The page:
The other error in the Fed’s current policy, according to Lowrie, is worrying too much about wage growth and treating it as dangerous inflation. A graph of real income growth for the bottom 90 percent of the population between 1982 through 2012 shows that wages grew each time broad-based tax cuts were implemented, from the Reagan tax cuts in the early '80s to the capital gains tax cuts in the late '90s to the Bush tax cuts in 2003.

But the Fed, incorrectly viewing wage growth as inflation that needed to be cooled, began hiking rates reversing those wage gains. Wage growth should be a sign of prosperity as it indicates higher productivity, not seen as inflation.

The unfortunate outcome of these examples is that the free-market reforms were undermined by the Federal Reserve actions. This allowed the left to spin the resulting decline in real incomes as the negative consequences of free-market policies, when in fact they were due almost entirely to the Federal Reserve’s flawed actions of raising rates.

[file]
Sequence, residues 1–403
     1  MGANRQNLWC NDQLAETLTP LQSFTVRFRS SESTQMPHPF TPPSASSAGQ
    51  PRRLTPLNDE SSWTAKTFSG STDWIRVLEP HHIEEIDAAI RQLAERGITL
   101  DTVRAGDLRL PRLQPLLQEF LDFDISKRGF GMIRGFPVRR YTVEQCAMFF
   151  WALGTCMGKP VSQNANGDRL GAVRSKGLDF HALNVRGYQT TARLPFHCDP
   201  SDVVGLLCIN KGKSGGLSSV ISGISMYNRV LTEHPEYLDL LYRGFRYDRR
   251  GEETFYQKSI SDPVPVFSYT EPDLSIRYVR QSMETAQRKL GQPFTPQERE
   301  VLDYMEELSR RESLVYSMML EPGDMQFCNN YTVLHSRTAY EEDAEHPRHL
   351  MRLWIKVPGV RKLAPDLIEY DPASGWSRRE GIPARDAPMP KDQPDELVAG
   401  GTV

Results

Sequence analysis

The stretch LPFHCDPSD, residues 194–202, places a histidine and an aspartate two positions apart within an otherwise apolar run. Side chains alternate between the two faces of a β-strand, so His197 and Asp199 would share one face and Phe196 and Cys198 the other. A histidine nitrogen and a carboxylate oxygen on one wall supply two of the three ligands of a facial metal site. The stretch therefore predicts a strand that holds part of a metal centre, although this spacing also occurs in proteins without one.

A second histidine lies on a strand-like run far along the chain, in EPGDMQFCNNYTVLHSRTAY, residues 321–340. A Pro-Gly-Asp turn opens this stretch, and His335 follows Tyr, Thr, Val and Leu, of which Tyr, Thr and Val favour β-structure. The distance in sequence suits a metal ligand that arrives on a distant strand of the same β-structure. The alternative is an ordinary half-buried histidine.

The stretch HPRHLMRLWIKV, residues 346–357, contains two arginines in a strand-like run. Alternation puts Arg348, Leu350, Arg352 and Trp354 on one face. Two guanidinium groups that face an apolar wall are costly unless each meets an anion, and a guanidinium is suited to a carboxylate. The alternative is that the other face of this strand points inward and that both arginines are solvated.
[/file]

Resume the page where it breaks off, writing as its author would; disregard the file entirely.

Rather than trying to stimulate or manage the economy through monetary policy, the Federal Reserve should seek to preserve the dollar’s value and integrity as a unit of measure. Ryan Young of our organization, the Competitive Enterprise Institute, has previously written on this topic as well, noting that instead of constant tinkering and manipulations, the Federal Reserve should focus on a policy of stability, honesty and predictability. This in turn will enable more investment, better investment decisions and more innovation.